delivery: Beyond patches and pills
the industry has made significant advances in drug delivery, promising
technologies still lie ahead, says Meena Shah
less than 20 years, the field of drug delivery has gone from a fledgling
pharmaceutical art to a $20-billion global industry. And while these
years have seen impressive advances from nicotine patches
to nasal inhalers the most promising technologies still lie
ahead. This burgeoning area of research could someday produce an
insulin pill for diabetics, an under-skin pharmacy on a microchip,
and even lab-grown organs for transplants and plastic surgery.
the American Chemical Societys ProSpectives Conference, Future
directions of drug delivery technologies, in Boston in October,
scientists from around the world came together to discuss where
the field is going and what the biggest developments will be in
the coming years. The research that was presented focussed primarily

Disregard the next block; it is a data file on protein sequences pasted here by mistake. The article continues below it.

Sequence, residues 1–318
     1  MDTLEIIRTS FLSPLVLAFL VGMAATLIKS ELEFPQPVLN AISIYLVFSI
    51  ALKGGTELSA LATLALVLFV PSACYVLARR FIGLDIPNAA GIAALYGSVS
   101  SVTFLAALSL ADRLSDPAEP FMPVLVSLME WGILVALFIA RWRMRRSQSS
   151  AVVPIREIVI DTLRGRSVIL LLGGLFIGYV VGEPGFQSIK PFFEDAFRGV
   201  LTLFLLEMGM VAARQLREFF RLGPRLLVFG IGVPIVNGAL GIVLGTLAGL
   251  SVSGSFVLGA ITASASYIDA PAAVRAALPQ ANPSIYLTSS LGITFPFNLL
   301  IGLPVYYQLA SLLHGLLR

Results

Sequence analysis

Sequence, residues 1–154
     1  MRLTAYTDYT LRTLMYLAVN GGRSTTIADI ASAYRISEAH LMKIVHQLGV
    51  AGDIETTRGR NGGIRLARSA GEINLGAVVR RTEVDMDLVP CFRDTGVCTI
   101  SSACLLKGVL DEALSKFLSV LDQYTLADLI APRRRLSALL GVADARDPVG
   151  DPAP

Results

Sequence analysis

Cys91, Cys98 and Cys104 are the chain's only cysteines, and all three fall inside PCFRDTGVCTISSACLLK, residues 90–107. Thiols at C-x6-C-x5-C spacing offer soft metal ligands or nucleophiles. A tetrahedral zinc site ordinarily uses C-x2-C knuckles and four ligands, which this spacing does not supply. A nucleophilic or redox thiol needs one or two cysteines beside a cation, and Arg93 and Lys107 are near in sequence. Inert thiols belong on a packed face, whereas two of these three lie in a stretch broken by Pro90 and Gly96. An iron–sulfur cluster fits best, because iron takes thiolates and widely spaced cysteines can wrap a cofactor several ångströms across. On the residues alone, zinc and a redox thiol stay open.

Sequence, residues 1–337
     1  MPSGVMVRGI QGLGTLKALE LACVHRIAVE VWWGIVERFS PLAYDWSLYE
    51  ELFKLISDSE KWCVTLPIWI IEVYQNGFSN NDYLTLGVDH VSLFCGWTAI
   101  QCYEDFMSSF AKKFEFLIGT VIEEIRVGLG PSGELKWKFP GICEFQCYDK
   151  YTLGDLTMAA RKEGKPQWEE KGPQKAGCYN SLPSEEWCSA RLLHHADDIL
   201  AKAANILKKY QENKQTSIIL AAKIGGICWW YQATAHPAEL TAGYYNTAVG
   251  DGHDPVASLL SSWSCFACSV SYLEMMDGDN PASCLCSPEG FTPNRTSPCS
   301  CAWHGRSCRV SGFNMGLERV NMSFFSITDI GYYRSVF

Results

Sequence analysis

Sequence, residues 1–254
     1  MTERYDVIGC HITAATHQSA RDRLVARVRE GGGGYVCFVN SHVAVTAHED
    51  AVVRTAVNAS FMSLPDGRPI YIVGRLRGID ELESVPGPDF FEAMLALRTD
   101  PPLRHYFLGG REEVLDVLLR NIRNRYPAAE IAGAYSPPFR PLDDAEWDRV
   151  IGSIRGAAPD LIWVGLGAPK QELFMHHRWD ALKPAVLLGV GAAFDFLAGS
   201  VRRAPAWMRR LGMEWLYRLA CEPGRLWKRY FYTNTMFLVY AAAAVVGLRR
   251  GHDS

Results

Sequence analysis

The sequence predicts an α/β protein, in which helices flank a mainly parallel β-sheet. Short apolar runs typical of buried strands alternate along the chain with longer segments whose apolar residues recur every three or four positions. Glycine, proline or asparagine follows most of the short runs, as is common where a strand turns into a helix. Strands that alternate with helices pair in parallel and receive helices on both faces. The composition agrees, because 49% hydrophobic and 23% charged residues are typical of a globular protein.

on two aspects of the field: traditional drug delivery and tissue
main goal of traditional drug delivery research is, quite simply,
to do away with needles. Nobody likes them, yet thousands of people
with diseases like diabetes and multiple sclerosis rely on injections
because their treatments are based on large protein molecules that
must be delivered intravenously to avoid getting devoured in the
stomach. This research looks for less invasive and more efficient
ways to deliver therapies, such as patches, inhalers, ultrasound
and, of course, pills, which still seem to be the overwhelming preference
than half of todays medical problems, however, cannot be treated
with drugs. Say somebody is dying of liver failure,
says Robert Langer, PhD, a professor of chemical and biomedical
engineering at Massachusetts Institute of Technology, theres
no drug to treat them; the only way to treat that person is if somebody
else dies, then you do a transplant.
approach this problem, Langer pioneered the field of tissue engineering
delivering cells to the body, not just drugs. Cells are inherently
intelligent; if you provide a polymer support system, they will
organize themselves on this scaffolding to create new tissue. The
scaffolding eventually degrades, leaving only the living cells.
In this way, scientists believe they can grow new cartilage, bone,